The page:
As the maxim says, “Whether you think you can, or you can’t, you’re right.”
This stress that spreads in the office
Empaths are highly sensitive to people and their feelings, and generally supportive of others. They are finely tuned to emotions, and feel everything, sometimes to an extreme. They tend to be emotional sponges: someone who is easily influenced by the positive or negative energy of others.
The concept of an emotional sponge is well known amongst empath people, but are they the only one to be affected?
The feelings of heaviness
Have you ever had a feeling of unease when entering a meeting room?
This weird feeling of heaviness, that something unpleasant will be shared or that the electricity in the air is making your skin crawl even before a word is spoken?
Yes? Well, that is the “sponge” concept.
You may put this feeling into the basket of “I should have stayed in bed this morning” and move on. But the fact is that your day maybe stained for a while due to this unpleasant meeting atmosphere.
You are not alone
Emotional contamination is not only occurring in the meeting rooms and definitely not only affecting highly sensitive people, but it also affects all of us. The stress of others is silent but dig its way into you just as water hollows out a stone with time.
It can come from:
- A colleague that gives you a job always at the last minute
- Someone in the office complaining all the time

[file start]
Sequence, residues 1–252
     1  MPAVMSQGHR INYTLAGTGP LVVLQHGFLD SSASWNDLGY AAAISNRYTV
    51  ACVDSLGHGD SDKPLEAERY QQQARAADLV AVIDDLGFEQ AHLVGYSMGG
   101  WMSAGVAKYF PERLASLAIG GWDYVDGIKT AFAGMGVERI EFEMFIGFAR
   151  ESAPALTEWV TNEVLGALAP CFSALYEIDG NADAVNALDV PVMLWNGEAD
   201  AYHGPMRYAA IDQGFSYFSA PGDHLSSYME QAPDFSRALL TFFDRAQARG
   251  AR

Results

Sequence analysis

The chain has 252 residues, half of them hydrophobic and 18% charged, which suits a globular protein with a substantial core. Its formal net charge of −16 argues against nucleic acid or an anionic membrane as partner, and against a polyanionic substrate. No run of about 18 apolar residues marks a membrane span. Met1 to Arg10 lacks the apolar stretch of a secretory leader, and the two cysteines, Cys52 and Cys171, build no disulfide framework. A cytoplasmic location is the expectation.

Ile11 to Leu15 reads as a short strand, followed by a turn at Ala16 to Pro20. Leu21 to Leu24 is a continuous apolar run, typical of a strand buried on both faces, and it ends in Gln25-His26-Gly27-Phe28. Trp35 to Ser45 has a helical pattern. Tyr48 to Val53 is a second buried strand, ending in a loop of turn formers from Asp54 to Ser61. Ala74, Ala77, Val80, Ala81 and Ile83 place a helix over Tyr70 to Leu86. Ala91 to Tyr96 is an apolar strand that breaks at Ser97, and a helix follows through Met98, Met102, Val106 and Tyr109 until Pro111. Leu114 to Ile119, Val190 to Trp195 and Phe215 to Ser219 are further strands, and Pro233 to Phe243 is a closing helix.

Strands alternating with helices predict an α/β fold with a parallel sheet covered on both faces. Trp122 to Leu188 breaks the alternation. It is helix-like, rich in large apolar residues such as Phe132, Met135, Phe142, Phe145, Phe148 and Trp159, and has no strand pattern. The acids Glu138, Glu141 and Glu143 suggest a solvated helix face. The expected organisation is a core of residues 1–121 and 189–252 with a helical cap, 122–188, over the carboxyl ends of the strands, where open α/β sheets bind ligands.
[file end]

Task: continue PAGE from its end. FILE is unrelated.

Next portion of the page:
- One who speaks too loud while others are trying to concentrate
- The chatterbox who insists on talking to you despite the ton of work on your shoulders, and who you do not dare to interrupt.
And so on…
How can you prevent the stress of others impacting on yourself? The answer is linked to your positioning. Allow yourself to say no to a conversation or be prepared to set your boundaries, or by inviting your grumpy colleague to keep his negativity to himself, or decide to remain neutral and not get involved on other’s quarrels.
There are numerous solutions. Most of them you need to find out for yourself. A first step is to clear out or set boundaries. You need to find the source of the discomfort, and then find a way to engage with your colleagues so that your needs are respected.
Constructive and factual defense
It may seem difficult at first. But if you engage in a way that is constructive, unaggressive, and factual, you may be surprised to discover that others are often not conscious of their impact on you.
Access your free 5 tips to Dance With Your Fears (Gracefully) and find your way back to calmness at www.christelmesey.com. This is also available in a French version.